Downtown’s overall air quality is no worse than air in the suburbs, but vehicle emissions by commuters have a huge impact on air quality for the entire region.
According to Rick Strassman, supervisor of the air monitoring unit at the Minnesota Pollution Control Agency (MPCA), the air quality Downtown is tracking at levels seen in the entire metropolitan area. Pollutants are well below levels of 15 years ago, he said. The improvements in air quality are attributed to controls on factory emissions, the removal of lead from gasoline and improved pollution equipment on cars and trucks.
“If you live and work in Downtown Minneapolis, the conclusion would be your risk isn’t any greater than many locations around the Twin Cities metropolitan area,” Strassman said, referring to pollutants from vehicle emissions.
He said comparisons between Downtown, the Phillips neighborhood, St. Paul sites and the airport, for example, do not yield statistical differences in pollutants caused by transportation.
Pollution Downtown is dominated by vehicle emissions, and MPCA staff believe there is a morning and afternoon surge in vehicle emissions that disperse fairly quickly.
“Transportation is a big player here, and that’s why we get on the bandwagon for mass transit and reduced driving. It does have an impact on air quality,” Strassman said.
A Hennepin County report notes that ground-level ozone, for example, is not declining, and factors that contribute to ozone formation like traffic congestion are rising.
The U.S. Environmental Protection Agency is expected to impose stricter standards on ozone levels in the coming weeks, and Strassman said the new rules could mean the state would narrowly reach compliance. Ground-level ozone is not concentrated in city centers, Strassman said, but vehicle emissions baked by the sun will produce ozone downwind through a chemical reaction. High levels of ozone in the atmosphere can trigger symptoms of asthma.
The concentration of pollutants from vehicle emissions is within 300 meters of the center line of a major roadway, and past that line pollutants tend to disperse into the “urban soup” typical of a metropolitan area. The particles that make up vehicle emissions are so small they travel through the shell of a car, Strassman said, causing drivers to smell and breathe in the exhaust of other cars and trucks.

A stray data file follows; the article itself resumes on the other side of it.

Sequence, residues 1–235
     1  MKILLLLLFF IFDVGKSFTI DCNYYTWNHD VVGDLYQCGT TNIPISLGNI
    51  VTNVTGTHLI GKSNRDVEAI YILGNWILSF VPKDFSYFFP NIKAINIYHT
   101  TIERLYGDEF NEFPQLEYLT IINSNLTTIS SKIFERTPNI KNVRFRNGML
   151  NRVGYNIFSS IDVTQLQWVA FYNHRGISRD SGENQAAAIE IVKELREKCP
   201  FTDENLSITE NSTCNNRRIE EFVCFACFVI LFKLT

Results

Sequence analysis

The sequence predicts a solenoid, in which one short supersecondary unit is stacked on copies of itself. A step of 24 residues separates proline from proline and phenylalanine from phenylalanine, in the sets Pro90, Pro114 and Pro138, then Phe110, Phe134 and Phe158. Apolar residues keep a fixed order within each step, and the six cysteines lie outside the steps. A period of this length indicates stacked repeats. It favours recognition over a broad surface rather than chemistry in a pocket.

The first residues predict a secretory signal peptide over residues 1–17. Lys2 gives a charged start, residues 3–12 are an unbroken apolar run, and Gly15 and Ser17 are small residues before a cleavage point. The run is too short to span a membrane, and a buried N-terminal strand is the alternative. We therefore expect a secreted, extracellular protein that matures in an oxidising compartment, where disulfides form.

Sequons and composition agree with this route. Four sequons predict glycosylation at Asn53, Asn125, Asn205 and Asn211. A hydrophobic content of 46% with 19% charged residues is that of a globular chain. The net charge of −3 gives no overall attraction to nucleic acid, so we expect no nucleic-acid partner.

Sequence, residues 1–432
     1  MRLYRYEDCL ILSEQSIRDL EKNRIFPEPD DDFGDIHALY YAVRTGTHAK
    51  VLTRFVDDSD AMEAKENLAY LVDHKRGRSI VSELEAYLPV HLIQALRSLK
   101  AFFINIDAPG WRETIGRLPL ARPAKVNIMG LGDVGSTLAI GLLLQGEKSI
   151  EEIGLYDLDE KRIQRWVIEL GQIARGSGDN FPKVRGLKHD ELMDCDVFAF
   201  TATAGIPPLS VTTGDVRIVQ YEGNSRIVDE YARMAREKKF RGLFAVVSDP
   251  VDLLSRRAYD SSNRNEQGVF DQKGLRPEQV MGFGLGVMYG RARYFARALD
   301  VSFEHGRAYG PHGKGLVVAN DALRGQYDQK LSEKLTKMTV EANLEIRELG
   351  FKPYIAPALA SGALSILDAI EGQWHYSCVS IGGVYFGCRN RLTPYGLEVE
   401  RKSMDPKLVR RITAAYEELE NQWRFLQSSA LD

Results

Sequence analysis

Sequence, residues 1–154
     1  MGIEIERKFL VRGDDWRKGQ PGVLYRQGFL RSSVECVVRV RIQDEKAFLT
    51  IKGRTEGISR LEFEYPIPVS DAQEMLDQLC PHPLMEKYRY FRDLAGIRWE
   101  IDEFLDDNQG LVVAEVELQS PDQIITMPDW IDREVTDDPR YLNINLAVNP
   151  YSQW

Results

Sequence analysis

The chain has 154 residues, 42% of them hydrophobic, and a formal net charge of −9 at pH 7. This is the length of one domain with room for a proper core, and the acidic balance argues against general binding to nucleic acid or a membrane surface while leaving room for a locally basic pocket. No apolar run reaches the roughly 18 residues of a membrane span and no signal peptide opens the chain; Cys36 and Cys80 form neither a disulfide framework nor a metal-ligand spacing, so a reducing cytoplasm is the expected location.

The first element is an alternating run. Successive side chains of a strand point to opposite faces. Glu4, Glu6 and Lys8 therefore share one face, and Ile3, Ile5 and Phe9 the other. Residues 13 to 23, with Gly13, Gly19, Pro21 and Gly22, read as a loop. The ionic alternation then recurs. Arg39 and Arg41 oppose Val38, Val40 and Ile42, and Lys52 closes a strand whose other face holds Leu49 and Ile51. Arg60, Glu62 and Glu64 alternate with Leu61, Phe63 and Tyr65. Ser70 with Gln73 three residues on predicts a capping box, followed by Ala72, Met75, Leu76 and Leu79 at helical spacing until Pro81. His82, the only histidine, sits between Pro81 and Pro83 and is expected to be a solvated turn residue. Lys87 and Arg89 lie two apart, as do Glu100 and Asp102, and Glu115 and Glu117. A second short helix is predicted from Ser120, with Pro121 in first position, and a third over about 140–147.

Benzene, a byproduct of gasoline that is emitted from car exhaust and tobacco smoke, has been a straggling problem Downtown. It was still tracking at levels higher than the national standard in 2001, but MPCA staff say benzene levels are now within health standards.
Jennifer Tschida, a staff member in the city’s Environmental Management and Safety department, said it is important to note that air quality on top of buildings where monitors are positioned is not necessarily identical to the street-level air quality. A new study taking measurements Downtown at ground level is finding that in certain locations, the amount of benzene can exceed national health standards.
She recommended walking on less-congested roadways, such as Nicollet Mall. That’s especially important for bicyclists who are breathing more heavily and taking in more air, she said.
MPCA studies have found that the state’s greatest potential cancer risks caused by air quality are found in major urban areas such as Minneapolis and St. Paul, as well as small towns with local pollution sources or topography that impact clean air.
More density can lead to more vehicle emissions, but that doesn’t mean Downtowners should pack up and move out to the suburbs, Strassman said.
“We’re all kind of in it together,” he said, explaining that large air masses contribute to overall air quality.
One of Downtown’s prior hot spots for poor air quality is at the intersection of 7th and Hennepin. As part of the Clean Air Act of 1970, the state designed a plan to improve air quality that converted Hennepin Avenue and 1st Avenue North into one-way streets. The conversion was estimated to reduce carbon monoxide by 160 kilograms per day.
The streets will revert back to two-way status in three years as part of the Downtown Ten-Year Transportation Action Plan. A consultant who studied 7th and Hennepin last year said air quality in general has greatly improved since 1979. Consequently, the consultant estimated that carbon monoxide emissions in 2030 would climb to only 50 percent of the national standard if the transportation plan is implemented.
Charleen Zimmer, project manager of the Downtown transportation plan, said she hopes the new strategy will encourage more mass transit use. The plan includes more bike lanes and a conversion to hybrid buses on Nicollet Mall.
“In general, our focus is to do everything we can to encourage greater walking, biking and transit, and there are definitely air quality benefits,” she said.
Although vehicle emissions are the greatest contributor to air pollution Downtown, Strassman noted that gas stations, dry cleaners and body shops are high in toxic emissions.
“How people live affects their exposure, whether indoors or outdoors,” said Tschida.
Reach Michelle Bruch at 436-4372 or email@example.com.